In addition to being a “confidante of the Dalai Lama,” notes Business Insider, Ricard is also “a viral TED Talk speaker, and a bestselling author.” His message is the importance of compassion—not as a goal to achieve some time in the future, but as the very place to start. “There’s nothing mysterious” about it, he says in an interview on Business Insider’s podcast. He then goes on to describe the basic practices of “Metta, ”among other things a way of training oneself to have kind and loving intentions for others in an ever-widening circle outward. In the video above, Ricard talks about the practice, and the science, of compassion at Google.

Many people balk at this kind of sentimental stuff, even from a man Google describes as “the world’s best bridge between modern science and ancient wisdom.” But if we can hear anything in the ancient wisdom distilled by these Buddhist teachers, perhaps it’s a simple idea fast-meditation apps and utilitarian programs generally skip. No, you do not need to put on robes, become a monk or nun, or take on a set of ancient traditions, beliefs, or rituals. But as American Buddhist teacher Jack Kornfield says below, “if you want to learn to be wise and present, the first step is to refrain from harming yourself or others.”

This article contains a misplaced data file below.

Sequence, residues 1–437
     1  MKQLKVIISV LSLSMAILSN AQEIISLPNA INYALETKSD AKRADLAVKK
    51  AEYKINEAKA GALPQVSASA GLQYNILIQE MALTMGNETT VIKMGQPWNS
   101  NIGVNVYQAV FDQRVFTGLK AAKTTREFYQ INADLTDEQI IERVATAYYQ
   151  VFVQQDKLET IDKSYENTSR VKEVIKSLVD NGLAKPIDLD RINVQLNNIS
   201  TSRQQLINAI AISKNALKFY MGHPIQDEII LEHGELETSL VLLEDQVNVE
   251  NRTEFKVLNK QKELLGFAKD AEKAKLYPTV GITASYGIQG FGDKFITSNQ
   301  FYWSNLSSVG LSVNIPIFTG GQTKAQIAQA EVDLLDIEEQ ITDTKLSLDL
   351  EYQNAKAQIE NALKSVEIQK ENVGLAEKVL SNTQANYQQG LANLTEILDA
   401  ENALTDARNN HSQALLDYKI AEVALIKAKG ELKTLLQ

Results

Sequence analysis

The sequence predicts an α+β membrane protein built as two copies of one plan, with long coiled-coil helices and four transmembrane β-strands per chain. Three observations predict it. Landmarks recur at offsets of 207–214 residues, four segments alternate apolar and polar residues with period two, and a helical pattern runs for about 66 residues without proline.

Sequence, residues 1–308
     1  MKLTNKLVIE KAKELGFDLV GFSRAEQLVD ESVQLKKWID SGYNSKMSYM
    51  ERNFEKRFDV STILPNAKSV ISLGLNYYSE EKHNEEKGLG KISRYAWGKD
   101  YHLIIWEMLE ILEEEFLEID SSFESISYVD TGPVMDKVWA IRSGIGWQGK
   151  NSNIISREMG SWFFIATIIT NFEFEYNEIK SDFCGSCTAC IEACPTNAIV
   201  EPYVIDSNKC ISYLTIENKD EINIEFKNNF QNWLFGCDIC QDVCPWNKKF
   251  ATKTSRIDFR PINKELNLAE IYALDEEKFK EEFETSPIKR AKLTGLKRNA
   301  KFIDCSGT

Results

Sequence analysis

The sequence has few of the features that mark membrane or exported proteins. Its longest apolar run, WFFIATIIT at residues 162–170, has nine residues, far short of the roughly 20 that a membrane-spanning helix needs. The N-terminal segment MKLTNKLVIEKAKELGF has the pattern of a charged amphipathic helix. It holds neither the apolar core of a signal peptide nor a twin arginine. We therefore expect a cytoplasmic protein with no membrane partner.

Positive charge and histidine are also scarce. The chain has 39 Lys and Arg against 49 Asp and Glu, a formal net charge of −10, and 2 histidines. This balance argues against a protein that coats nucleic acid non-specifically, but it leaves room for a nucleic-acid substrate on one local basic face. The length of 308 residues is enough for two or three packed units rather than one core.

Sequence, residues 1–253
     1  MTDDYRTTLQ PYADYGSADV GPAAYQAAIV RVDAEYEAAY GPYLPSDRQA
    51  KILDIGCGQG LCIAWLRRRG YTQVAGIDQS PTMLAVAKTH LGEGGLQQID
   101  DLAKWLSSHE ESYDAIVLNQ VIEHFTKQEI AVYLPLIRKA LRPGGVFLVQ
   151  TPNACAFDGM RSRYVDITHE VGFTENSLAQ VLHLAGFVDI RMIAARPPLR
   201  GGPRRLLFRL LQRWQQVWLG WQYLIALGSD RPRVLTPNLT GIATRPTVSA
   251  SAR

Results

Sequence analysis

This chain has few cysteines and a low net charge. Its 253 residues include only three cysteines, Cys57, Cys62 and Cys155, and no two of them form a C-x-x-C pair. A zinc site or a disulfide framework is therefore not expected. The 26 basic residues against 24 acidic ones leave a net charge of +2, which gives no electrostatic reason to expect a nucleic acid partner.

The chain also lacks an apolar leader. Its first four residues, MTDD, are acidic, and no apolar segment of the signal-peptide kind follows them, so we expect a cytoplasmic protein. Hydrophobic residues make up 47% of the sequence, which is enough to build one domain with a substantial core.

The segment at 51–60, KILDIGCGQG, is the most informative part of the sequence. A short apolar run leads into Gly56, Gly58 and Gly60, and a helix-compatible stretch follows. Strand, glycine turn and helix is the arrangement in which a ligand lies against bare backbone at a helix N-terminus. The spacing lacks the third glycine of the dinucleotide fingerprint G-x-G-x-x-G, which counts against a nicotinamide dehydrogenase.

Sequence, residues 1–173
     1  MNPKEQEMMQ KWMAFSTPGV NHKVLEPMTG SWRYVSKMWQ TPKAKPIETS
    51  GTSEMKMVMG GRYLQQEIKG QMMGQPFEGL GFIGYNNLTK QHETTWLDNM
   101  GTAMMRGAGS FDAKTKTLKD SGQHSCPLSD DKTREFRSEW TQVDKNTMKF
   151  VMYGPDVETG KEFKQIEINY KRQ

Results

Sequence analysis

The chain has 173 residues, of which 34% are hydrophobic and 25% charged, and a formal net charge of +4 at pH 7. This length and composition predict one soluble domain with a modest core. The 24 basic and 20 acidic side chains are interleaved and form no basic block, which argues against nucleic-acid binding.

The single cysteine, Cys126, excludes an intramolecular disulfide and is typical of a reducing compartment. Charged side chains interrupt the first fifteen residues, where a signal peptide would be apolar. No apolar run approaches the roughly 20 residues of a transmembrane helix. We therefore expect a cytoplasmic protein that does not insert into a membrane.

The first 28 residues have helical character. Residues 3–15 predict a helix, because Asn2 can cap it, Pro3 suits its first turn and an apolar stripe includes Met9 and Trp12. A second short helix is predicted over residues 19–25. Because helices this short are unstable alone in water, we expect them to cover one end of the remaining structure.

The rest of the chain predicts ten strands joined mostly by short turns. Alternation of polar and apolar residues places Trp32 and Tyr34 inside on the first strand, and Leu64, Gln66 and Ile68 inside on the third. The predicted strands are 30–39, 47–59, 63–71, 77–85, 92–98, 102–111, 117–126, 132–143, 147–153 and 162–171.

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Josh Jones is a writer and musician based in Durham, NC. Follow him at @jdmagness